The place of business is to supply us with goods and services; that of government, aside from protecting us from threats, is to help keep our marketplaces competitive and responsible. Do you really believe that recent American governments have been overdoing this job, let alone even doing it?

I have a little book for you, Mr. President, called Rebalancing Society. It contends that a healthy society balances the power of respected governments in the public sector with responsible businesses in the private sector and robust communities in what I call the plural sector (“civil society”). The most democratic nations in the world today function closest to such balance, including ours in Canada and those in Scandinavia, likewise your own when Alexis de Tocqueville wrote about the community “associations” that helped to maintain democracy in early America. Indeed, during the decades following World War Two, the U.S. was far better balanced, as it experienced striking prosperity and development—economic as well as social―despite high taxes and generous welfare programs. Now, however, the country has lost that balance, and needs the plural sector to offset the fruitless swinging back and forth between left and right—government interventions by the public sector and market forces in the private sector.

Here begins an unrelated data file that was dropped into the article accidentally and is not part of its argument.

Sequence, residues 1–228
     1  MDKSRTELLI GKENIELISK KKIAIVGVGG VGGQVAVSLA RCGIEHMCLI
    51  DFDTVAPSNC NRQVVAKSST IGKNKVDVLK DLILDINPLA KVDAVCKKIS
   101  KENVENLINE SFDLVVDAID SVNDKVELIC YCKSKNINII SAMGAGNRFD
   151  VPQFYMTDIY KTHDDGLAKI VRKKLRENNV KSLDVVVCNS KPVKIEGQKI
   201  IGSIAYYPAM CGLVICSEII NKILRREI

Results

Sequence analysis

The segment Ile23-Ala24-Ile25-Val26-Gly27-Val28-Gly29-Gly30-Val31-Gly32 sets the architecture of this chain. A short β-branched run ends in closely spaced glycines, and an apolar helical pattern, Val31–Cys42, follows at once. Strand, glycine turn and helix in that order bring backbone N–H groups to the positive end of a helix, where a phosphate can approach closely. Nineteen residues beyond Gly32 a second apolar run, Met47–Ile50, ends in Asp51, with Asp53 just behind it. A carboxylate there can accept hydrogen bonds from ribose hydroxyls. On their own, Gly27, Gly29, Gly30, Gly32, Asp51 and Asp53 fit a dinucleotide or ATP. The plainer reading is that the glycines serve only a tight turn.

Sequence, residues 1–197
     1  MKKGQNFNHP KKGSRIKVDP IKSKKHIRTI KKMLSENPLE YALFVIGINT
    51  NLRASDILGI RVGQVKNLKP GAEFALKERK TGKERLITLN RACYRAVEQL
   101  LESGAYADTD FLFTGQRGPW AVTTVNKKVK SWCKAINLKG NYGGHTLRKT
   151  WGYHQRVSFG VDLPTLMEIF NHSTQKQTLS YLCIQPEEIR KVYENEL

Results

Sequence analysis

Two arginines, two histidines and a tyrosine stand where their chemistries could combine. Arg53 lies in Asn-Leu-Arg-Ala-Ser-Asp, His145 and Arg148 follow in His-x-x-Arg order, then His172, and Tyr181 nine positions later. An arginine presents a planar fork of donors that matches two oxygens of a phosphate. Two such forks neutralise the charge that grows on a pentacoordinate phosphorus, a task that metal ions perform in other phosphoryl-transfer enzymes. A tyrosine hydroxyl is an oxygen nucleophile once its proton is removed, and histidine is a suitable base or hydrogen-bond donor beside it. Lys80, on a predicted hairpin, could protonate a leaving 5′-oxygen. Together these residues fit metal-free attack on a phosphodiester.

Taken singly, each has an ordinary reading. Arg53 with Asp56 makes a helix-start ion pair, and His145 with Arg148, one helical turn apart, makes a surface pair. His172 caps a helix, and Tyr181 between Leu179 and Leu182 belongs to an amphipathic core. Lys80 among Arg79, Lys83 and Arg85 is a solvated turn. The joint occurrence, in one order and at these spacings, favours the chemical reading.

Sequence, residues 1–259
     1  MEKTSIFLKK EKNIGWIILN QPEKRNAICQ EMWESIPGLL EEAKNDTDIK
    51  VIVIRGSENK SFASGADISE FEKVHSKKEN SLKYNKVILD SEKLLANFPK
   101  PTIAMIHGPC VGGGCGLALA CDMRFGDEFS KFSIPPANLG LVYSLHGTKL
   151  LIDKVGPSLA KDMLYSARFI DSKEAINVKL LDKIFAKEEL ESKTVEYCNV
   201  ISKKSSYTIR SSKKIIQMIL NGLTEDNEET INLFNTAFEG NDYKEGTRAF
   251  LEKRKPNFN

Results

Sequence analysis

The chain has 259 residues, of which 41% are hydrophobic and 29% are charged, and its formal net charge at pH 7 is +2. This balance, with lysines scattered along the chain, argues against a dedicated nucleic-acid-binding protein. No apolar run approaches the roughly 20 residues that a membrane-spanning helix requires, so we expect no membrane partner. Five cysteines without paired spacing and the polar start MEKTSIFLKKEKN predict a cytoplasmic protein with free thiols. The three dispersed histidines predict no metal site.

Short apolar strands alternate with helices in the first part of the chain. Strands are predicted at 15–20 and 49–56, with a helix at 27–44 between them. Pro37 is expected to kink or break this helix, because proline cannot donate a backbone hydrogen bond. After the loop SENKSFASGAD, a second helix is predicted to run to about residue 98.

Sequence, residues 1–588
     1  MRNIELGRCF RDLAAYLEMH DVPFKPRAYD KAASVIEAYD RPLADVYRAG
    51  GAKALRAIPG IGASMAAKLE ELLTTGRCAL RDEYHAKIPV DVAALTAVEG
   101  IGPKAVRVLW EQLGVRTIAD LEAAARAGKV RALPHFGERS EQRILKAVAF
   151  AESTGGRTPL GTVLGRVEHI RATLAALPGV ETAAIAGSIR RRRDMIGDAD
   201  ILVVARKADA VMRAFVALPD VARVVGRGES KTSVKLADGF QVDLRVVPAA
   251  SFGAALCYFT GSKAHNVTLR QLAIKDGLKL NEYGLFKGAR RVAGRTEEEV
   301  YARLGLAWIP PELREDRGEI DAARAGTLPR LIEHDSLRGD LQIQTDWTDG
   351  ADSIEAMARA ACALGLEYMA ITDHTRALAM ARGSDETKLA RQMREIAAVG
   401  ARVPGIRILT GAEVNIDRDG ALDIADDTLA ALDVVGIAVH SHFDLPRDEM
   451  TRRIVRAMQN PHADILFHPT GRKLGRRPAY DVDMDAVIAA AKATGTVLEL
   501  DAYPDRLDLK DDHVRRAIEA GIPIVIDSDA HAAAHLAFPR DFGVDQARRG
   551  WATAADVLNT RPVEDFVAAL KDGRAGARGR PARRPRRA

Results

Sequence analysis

Think back to the Berlin Wall, Mr. President. That wall fell on our Western democracies, because we misunderstood what brought it down. The pundits of the West claimed that capitalism had triumphed. Not at all. Balance had triumphed.  While the communist states of Eastern Europe were utterly out of balance, on the side of their public sectors, the successful countries of the West retained a relative balance across the three sectors.